Breslyn, Caitlyn & I were doing our weekly supermarket shopping, and amid the austere aisles with their goods all packaged and itemized, I suddenly longed for the hustle-bustle of the Bandra Bazaar.
In our house, dad was the one who made this weekly trip to the Bandra Bazaar and, once in a blue moon, I got to tag along. After Sunday Mass and breakfast, he’d take his trusted bazaar bag (you know the one - black rexzine bought at the Mapusa market) and off we’d go. Once the Yezdi was parked by the Cross at the junction of Chapel, Veronica, and Bazaar Roads, the grocery shopping would begin in earnest, pausing only for a quick hello to Aunty Mary who spent her twilight years watching the world go b(u)y from her porch at 100 Bazaar Road, and a chinwag with old school chum Joe on the politics of the hockey team selections.
The fruit and vegetables first. Carts of fresh produce - oranges, tomatoes, sweet limes, melons - all arranged in perfect pyramids, enough to rival those of Giza. The hardy ones like onions, apples, potatoes, watermelon and carrots were placed at the bottom of the bazaar bag, followed by the squishier ones like custard apples, palak and chikoos (no fancy-schmantzy imports like avocado or zucchini in those days). Next halt: the adrak-mirchi-cotmir stall for the ‘green masala’.
After a great deal of higgling and haggling and ‘making bhoni’, dad usually ducked into Kalidaas, the grocery store, where you bought everything from Kashmiri chillies to kala namak. Come December and all the Catholics would flock here for their Christmas sweet and cake ingredients – candied peel, dried fruit, Amul butter, flour, caster sugar… While the baniya toted up the bill on his scrap-paper ‘notepad’, you watched hawk-eyed, as the old fashioned weighing scale with the stone weights, see-sawed precariously as gram upon gram was either added (but mostly subtracted) until the perfect balance was achieved (no digital devices here).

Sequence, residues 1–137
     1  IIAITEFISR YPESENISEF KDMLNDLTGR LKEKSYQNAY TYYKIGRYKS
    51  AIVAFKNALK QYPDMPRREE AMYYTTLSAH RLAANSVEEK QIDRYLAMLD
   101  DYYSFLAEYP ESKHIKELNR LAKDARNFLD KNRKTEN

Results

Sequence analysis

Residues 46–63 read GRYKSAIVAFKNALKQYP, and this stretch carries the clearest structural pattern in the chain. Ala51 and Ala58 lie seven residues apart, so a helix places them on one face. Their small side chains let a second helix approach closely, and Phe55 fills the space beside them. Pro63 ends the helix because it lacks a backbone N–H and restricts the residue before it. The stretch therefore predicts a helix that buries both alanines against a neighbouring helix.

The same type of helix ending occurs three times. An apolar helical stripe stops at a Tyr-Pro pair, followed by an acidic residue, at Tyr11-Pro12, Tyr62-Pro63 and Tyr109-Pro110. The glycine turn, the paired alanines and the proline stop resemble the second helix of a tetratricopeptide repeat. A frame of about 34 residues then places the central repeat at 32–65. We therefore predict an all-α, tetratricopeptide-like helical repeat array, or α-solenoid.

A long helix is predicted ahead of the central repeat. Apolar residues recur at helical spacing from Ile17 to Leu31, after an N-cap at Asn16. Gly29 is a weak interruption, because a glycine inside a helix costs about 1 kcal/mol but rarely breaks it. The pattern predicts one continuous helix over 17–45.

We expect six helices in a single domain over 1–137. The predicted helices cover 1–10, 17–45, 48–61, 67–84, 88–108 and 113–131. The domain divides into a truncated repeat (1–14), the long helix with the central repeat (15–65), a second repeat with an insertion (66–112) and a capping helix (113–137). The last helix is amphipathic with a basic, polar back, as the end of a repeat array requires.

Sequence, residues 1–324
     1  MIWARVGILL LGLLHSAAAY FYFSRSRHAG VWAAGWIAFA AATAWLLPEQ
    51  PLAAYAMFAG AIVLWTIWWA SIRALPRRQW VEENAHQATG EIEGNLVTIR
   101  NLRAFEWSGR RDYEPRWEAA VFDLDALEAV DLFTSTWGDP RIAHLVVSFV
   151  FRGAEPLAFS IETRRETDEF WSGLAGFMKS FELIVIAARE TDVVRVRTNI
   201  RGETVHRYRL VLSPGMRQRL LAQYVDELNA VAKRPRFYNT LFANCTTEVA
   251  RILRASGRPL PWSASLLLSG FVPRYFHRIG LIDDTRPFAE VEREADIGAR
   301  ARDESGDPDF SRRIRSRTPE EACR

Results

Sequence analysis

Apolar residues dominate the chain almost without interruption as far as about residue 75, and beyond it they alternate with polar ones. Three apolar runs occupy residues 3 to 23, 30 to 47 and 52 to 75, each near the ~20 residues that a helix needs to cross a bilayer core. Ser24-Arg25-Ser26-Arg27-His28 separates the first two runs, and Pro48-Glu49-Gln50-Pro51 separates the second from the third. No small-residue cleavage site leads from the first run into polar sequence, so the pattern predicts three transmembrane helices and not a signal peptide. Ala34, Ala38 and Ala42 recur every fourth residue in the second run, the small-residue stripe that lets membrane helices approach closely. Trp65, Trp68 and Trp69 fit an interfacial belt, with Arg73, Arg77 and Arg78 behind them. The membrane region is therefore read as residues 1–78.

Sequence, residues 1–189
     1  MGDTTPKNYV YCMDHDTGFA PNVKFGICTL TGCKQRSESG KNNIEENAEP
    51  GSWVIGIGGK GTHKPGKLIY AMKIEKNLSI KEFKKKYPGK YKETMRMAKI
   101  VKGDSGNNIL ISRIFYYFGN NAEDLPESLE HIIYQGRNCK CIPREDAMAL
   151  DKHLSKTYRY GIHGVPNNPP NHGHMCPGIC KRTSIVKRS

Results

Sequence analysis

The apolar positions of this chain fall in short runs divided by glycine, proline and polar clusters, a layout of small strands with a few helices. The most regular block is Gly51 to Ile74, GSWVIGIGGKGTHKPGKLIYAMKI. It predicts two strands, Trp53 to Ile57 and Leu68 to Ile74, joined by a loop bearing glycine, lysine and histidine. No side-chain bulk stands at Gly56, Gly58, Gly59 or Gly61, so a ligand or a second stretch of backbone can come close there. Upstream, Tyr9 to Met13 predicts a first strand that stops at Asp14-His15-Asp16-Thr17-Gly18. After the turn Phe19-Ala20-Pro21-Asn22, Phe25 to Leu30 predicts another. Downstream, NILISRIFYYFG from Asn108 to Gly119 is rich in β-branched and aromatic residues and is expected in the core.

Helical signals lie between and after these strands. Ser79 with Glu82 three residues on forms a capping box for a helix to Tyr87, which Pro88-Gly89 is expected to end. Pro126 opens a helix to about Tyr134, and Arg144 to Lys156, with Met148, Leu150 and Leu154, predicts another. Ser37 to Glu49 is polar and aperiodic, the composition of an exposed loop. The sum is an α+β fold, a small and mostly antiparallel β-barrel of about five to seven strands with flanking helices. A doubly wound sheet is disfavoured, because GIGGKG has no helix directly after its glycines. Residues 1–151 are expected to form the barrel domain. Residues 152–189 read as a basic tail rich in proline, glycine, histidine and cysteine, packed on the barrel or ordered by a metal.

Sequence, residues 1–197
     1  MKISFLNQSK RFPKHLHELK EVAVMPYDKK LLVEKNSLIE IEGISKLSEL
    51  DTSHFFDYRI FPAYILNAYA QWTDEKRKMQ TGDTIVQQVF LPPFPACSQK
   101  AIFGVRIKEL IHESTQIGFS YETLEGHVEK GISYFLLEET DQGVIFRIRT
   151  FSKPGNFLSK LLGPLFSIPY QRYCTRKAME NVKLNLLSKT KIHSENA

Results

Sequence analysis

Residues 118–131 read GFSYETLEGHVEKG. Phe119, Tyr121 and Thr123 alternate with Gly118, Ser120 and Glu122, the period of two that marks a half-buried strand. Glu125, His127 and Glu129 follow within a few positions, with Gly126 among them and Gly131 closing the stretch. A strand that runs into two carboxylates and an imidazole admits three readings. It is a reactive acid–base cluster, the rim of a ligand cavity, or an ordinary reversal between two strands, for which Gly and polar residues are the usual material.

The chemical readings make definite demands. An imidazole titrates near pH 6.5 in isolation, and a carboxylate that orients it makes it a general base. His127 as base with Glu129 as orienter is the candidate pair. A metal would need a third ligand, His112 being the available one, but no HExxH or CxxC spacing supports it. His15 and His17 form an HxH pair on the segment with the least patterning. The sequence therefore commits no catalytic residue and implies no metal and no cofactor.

Another shop that beckoned was Coin Tea. Hessian sacks filled to the brim with fragrant loose leaf teas like Orange Pekoe, Darjeeling, Assam and Nilgiri tickled your nostrils as you chose your blend for an afternoon cuppa.
Since Sunday lunch usually meant chicken curry, that’s where we’d go next. The stench from the Broiler & Egg shop would assail you from a mile away. Chickens clucking & squawking away in their caged baskets, prepared to meet their doom. And I was always too chicken to watch…
The butcher was next – cuts of beef and mutton on display, as well as offal like liver, trotters (Paya curry, anyone?), tongue and brain. Dad would buy a hunk of beef, half of which would cubed and rammed into the metal grinder to emerge as squiggles of mince on the other side.
The last stop was the fish market, for obvious reasons. Ramzaan, the coconut seller who talked in plurals, (see my coconut post dated April 5) always stood guard outside the entrance to the fish market. Cats milled around, waiting for scraps of fish heads and tails, while your nose got accustomed to the pungent pong. Fish mongers with their baskets of the freshest catch called out to you in Marathi, “E pori, kai paije?” Pomfrets, surmai, bangada, kurdee, crabs, shellfish, bombils - all glistening and glorious in their round wicker baskets clamoured for your attention. The pitch of the fishmongers’ voices got shriller as the bargaining got more heated. Dad would walk away, only to be called back and placated. Once the pomfrets were gutted, the sharks skinned in one swift motion and the prawns peeled, we’d be on our way back home with our bounty.